By BeauHD from Slashdot's games-on-demand department
According to a new report from Cheddar, Apple is planning a Netflix-like subscription service for games. "The service would function like Netflix for games, allowing users who pay a subscription fee to access a bundled list of titles," reports Cheddar. "Apple began privately discussing a subscription service with game developers in the second half of 2018, said the people, all of whom requested anonymity to discuss unannounced plans." From the report: It's unclear how much the subscription will cost or what kind of games Apple will offer. The service is still in the early stages of development, and Apple could ultimately decide to abandon it. The company has also discussed partnering with developers as a publisher, according to two people familiar with the talks, which could signal Apple's ambition to assume distribution, marketing, and other related costs for select games. While it's unclear what kinds of games would be included, a subscription service for App Store games could provide a boost to Apple's recurring revenue at a time when iPhone sales are slowing and gaming and esports are booming. Mobile gaming is expected to become a $100 billion industry by 2021, according to the gaming and esports intelligence firm Newzoo.Read Replies (0)
By BeauHD from Slashdot's contrary-to-popular-belief department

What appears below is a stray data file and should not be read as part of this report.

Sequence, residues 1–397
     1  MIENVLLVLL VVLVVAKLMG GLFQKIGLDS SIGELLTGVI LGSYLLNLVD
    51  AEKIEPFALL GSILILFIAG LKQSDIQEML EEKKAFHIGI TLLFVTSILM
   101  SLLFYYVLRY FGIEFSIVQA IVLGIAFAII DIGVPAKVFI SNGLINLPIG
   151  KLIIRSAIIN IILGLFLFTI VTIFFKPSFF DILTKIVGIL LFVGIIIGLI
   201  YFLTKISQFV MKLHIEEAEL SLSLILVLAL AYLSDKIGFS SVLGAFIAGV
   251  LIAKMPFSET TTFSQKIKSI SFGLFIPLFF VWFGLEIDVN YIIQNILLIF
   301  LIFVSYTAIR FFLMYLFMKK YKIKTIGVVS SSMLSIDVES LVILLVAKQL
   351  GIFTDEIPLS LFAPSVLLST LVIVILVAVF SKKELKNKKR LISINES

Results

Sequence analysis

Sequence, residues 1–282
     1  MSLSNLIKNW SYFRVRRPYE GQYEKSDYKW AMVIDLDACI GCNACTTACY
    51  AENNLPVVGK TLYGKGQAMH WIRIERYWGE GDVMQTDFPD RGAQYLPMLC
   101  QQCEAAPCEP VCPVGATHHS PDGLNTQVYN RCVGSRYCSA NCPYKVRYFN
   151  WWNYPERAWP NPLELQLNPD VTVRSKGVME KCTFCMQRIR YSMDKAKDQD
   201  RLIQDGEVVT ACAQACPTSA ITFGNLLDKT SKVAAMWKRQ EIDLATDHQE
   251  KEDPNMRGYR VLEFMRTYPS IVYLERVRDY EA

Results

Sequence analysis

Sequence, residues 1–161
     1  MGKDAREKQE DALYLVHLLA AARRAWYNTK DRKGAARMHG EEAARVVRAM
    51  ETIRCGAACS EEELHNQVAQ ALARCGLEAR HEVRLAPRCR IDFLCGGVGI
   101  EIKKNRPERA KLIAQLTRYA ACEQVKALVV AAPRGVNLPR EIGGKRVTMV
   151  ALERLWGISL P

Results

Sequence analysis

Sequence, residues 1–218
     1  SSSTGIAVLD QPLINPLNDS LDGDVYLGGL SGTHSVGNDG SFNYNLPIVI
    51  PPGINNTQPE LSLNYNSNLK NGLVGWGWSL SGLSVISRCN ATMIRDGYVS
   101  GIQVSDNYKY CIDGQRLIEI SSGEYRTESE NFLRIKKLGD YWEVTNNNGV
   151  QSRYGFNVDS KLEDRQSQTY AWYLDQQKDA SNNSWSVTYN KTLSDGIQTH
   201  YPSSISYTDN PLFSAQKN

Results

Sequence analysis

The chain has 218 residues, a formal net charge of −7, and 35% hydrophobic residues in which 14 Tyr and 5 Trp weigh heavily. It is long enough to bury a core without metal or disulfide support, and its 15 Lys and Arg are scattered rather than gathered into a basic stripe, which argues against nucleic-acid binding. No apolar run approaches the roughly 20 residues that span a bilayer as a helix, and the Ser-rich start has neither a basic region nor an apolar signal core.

An anonymous reader quotes a report from Motherboard: Piracy isn't always the vile market bogeyman it's portrayed to be by the entertainment industry, a new joint study by Indiana University has found. Indiana University Researchers like Antino Kim say that online piracy can sometimes have a positive impact on markets, and being overly-aggressive in the policing and punishing of pirates may sometimes be counterproductive. As an example, Kim's study ("The 'Invisible Hand' of Piracy: An Economic Analysis of the Information-Goods Supply Chain") points to the hit HBO show Game Of Thrones, which routinely breaks piracy records thanks to heavy file sharing on BitTorrent. The researchers found that piracy often acts as a form of invisible competition, keeping both the manufacturer (HBO) and the cable operator (say, Comcast) from raising prices quite as high as they might otherwise. Raise prices too high, for example, and users will just flee to piracy, creating even higher losses. The researchers are clear to note their findings have their limits, and that they're not openly advocating for companies to fully embrace piracy. They do, however, argue that if you understand the benefits of piracy as a form of invisible competition, you'll find that overly-aggressive anti-piracy efforts can actually harm the market. "Our results do not imply that the legal channel should, all of a sudden, start actively encouraging piracy," researchers said. "The implication is simply that, situated in a real-world context, our manufacturer and retailer should recognize that a certain level of piracy or its threat might actually be beneficial and should, therefore, exercise some moderation in their anti-piracy efforts."Read Replies (0)